On the other hand, you may be surprised to discover that opener “Strawberry Wine” easily ranks among my favorite Band songs. It’s probably their only genuine goodtime shitkicker, at least, and with its raw, twangy guitars, woozy, drunken accordion, and goofy pinched Levon vocals, it’s a hell of a good time. You might call it a trifle, but when the Band gets really “serious,” it results in pretentious disasters like “I Shall Be Released” and “The Unfaithful Servant,” so I could be happier to hear them let their hair down for once. I also love the wobbly guitar sound and nonsensical yet catchy rhymes of “Time To Kill.” I also find myself drawn to the piano-based tunes “Sleeping” and “The Rumor,” which build some mild tension in that rounded-edged 70s Paul McCartney sort of way, and are inexplicably compelling in that same rounded-edged 70s Paul McCartney sort of way.

I guess those are the only songs here that really stick in my craw (in a good way) for more than ten minutes after I’ve finished listening. (The title track’s pretty alright too, I guess. Whatever.) But it could be a hell of a lot worse.

One Comment

  1. victoid wrote:

    The release of Stage Fright brought my interest in The Band to the level of a guy’s interest in his sexual partner after orgasm. To misquote Kevin Nealon from a SNL bit, “I’m interested, very interested, very very interested…I lost interest”. You are right Jerry-O, this is slick production, yet boring to old rockers like me.
    I listened and moved on. I don’t think I paid any further attention to the boys until The Last Waltz. Sorry boys.
    I do give props to Runt Rundgren, a fellow Filthadelphian whose band The Nazz played many of the same clubs as my band at the time. He was a superstar by Philly standards by ’68. I do remember him producing a band called The American Dream in ’67 or ’68 whose leader and guitar player, Nick Jameson was a high school classmate of mine, and who later became the bass player for Foghat. We used to jam a bit at each other’s rehearsal rooms. He was the best geetarist I knew. He and Todd both made the pilgrimage to Woodstock and Bearsville Studios where Rundgren became the producer du jour for a host of talented bands. This is my favorite anecdote from the Todd Rundgren Wikipedia page:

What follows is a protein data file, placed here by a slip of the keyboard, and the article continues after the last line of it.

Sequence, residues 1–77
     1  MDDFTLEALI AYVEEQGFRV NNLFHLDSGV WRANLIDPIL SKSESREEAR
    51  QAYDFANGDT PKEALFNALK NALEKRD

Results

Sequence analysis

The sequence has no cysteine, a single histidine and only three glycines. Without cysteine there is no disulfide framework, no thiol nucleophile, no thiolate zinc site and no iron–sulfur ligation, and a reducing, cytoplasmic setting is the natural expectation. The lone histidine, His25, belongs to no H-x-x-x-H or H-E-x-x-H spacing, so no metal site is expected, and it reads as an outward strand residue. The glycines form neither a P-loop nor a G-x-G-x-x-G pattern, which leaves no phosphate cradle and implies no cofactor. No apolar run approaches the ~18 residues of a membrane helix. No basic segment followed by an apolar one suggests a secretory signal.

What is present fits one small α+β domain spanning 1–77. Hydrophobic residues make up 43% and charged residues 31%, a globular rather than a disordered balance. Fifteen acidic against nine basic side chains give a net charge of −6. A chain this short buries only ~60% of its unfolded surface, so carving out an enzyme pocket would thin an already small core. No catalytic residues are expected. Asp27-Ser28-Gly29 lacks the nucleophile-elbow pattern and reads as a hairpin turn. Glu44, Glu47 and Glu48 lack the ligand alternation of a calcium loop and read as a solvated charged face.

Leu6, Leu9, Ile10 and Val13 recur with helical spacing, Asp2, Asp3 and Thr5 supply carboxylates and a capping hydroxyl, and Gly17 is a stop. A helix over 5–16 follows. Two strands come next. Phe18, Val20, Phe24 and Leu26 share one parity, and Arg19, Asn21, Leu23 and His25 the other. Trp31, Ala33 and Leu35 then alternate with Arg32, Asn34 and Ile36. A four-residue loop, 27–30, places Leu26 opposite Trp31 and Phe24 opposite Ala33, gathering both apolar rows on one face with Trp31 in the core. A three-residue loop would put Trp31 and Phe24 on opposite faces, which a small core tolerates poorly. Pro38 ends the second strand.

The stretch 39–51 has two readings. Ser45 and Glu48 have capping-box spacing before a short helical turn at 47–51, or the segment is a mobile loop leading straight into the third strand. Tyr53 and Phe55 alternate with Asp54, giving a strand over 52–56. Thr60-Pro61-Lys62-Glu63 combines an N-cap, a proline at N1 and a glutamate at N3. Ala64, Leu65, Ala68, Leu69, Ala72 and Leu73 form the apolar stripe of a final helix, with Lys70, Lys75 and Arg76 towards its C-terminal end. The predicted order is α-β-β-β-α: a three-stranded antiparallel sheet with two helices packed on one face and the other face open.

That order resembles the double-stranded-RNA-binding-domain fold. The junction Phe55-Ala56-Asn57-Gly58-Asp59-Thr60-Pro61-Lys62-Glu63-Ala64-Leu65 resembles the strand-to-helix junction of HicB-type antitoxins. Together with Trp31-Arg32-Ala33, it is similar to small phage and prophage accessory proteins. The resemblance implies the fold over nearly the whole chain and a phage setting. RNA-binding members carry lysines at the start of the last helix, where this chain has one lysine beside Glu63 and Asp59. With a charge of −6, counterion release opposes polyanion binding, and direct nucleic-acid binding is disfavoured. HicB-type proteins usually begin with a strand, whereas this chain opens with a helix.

“During the mid-to-late 1970s, Rundgren regularly played the eye-catching psychedelic Gibson SG (known variously as “Sunny” or “The Fool”), which Eric Clapton had played in Cream. After he had stopped using it ca. 1968, Clapton gave the guitar to George Harrison, who subsequently ‘loaned’ it to British singer Jackie Lomax. In 1972, after meeting at a recording session, Lomax sold the guitar to Rundgren for $500 with an option to buy it back, which he never took up. Rundgren played it extensively during the early years of Utopia before retiring the instrument for a short time in the mid to late 70’s, which in that time he had the guitar restored having a lacquer finish applied to protect the paint and replaced the talpiece and bridge to stabilize tuning, bringing the guitar back out on tour during the 1980 deface the music tour and using it on and off throughout the 80’s until 1993 when he permanently retired the guitar, eventually auctioning it off in 1999″

    I saw Jackie Lomax at a tiny club in Woodstock in “71 or so, one of the most captivating sets in my diminished memory. Lomax played bass and his guitar player played that very guitar, which is the same SG model as mine, with the same tuning problems due to the long super narrow neck. I recognized it instantly. See photo HERE.
    Ahh… the glory days of rock!